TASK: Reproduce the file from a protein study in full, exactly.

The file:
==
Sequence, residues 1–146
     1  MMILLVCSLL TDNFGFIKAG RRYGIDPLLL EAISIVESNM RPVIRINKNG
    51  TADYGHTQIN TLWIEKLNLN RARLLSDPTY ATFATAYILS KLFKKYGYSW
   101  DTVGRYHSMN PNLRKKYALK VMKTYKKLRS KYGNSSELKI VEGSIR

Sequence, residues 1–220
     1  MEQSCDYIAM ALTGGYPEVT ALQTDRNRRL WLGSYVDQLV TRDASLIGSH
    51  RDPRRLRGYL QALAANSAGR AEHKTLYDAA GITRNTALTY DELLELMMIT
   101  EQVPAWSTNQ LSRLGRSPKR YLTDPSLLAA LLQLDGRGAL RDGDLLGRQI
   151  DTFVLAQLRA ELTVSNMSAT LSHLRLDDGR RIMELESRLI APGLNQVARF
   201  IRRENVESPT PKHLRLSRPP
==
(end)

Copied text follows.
Sequence, residues 1–146
     1  MMILLVCSLL TDNFGFIKAG RRYGIDPLLL EAISIVESNM RPVIRINKNG
    51  TADYGHTQIN TLWIEKLNLN RARLLSDPTY ATFATAYILS KLFKKYGYSW
   101  DTVGRYHSMN PNLRKKYALK VMKTYKKLRS KYGNSSELKI VEGSIR

Sequence, residues 1–220
     1  MEQSCDYIAM ALTGGYPEVT ALQTDRNRRL WLGSYVDQLV TRDASLIGSH
    51  RDPRRLRGYL QALAANSAGR AEHKTLYDAA GITRNTALTY DELLELMMIT
   101  EQVPAWSTNQ LSRLGRSPKR YLTDPSLLAA LLQLDGRGAL RDGDLLGRQI
   151  DTFVLAQLRA ELTVSNMSAT LSHLRLDDGR RIMELESRLI APGLNQVARF
   201  IRRENVESPT PKHLRLSRPP